Kiruna: The town, the mine, the church

Last weekend, I headed up north for an unconventional girls weekend north of the Arctic Circle. It didn’t take long to settle into our accommodations and explore this strange and interesting town.

The town: 

Other than a handful of outdoors stores, and H&M, and delightful cafe (Cafe Safari), and a single pub (the Bishops Arms), Kiruna is a pretty tiny downtown. We thoroughly explored the town, enjoying the arctic light peeking around the building and quiet, snow-covered streets. dsc_0109dsc_0010dsc_0117dsc_0072dsc_9881dsc_0119These about-town sledges (sparkstøtting) were my favourite accessory. Practical for groceries around town, and it seems like you can really zip around on these over the snow!dsc_0107DSC_9949.jpgdsc_9971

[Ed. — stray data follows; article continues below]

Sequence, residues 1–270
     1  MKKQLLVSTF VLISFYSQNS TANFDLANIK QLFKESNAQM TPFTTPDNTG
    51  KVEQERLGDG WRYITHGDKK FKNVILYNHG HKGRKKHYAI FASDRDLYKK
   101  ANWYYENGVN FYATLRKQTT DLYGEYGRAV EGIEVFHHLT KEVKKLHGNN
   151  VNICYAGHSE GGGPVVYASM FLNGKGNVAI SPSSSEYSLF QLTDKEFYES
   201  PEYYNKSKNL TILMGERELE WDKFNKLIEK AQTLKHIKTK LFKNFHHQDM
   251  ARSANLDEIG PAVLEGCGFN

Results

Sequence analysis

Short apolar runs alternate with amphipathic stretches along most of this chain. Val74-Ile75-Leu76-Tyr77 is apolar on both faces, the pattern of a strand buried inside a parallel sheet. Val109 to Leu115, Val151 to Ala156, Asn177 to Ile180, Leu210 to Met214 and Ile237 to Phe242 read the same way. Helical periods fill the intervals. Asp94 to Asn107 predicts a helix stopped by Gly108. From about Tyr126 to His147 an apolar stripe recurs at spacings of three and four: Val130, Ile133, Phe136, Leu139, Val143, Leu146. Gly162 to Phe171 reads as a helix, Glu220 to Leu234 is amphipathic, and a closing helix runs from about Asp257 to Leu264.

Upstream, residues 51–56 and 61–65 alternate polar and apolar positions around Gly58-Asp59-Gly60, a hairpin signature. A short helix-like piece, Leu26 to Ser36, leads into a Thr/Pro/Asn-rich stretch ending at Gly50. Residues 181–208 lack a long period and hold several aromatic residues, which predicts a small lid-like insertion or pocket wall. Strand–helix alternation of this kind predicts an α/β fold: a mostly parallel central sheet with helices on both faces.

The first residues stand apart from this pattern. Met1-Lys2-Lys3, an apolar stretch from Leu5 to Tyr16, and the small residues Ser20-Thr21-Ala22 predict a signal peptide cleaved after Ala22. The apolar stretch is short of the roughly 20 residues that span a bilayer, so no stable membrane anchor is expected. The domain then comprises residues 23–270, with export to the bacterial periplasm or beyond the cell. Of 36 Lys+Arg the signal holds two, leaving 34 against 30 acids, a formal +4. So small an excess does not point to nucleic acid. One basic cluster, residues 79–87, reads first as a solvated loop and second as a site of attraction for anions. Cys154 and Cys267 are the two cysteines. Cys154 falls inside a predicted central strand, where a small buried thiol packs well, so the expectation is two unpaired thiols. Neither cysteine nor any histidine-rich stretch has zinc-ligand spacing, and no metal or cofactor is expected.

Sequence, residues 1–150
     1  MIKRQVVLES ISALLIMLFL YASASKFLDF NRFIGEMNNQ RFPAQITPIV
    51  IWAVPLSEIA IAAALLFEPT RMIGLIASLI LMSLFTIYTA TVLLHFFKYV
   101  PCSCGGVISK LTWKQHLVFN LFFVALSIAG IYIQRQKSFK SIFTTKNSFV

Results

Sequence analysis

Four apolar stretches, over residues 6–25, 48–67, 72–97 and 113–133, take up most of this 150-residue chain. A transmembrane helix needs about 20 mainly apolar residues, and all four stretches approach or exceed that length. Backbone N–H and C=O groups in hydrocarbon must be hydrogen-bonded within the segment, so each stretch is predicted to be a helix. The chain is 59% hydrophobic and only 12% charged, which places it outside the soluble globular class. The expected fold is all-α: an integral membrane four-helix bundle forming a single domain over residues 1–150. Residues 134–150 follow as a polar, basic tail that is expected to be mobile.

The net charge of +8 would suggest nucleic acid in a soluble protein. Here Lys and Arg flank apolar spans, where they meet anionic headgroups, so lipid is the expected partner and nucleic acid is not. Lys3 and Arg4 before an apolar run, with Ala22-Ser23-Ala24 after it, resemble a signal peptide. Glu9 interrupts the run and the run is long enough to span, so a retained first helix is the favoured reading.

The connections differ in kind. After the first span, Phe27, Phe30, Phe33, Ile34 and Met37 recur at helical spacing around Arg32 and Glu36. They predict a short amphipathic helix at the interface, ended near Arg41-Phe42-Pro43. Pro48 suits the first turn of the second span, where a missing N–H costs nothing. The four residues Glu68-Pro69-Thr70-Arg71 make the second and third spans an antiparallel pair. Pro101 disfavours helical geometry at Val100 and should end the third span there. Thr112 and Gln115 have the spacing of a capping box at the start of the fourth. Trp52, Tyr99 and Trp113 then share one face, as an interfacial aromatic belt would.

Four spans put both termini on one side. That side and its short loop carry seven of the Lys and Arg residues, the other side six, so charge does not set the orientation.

The mine: 

dsc_9967The town completely evolves around the mine. In fact, as the mine is expanding, it swallows the town. The set of buildings where we stayed on the edge of the mine were slated to be torn down in the next year.

The railroad was completed in 1903 and iron started to flow out of Kiruna.  The mine is the absolute economic and cultural centre of the town. Our big Saturday night on the town included an apres ski at the hotel and a pint at the local pub. Everyone we met worked at the mine and never before have I discussed mining to this depth. In addition to being the heart of the town, it was quite picturesque as dusk settled around the town (which happened at around 2pm!)dsc_9976dsc_9981dsc_9975

The church: dsc_0103dsc_9894

The biggest tourist attraction was this beautiful wooden church. The Kiruna church is one of the largest wooden buildings in Sweden. The church was built between 1909 and 1912, right as this wild part of Sweden was being transformed into a mining centre. dsc_0083dsc_0095dsc_0089dsc_9911dsc_0090dsc_9917dsc_9902dsc_0097

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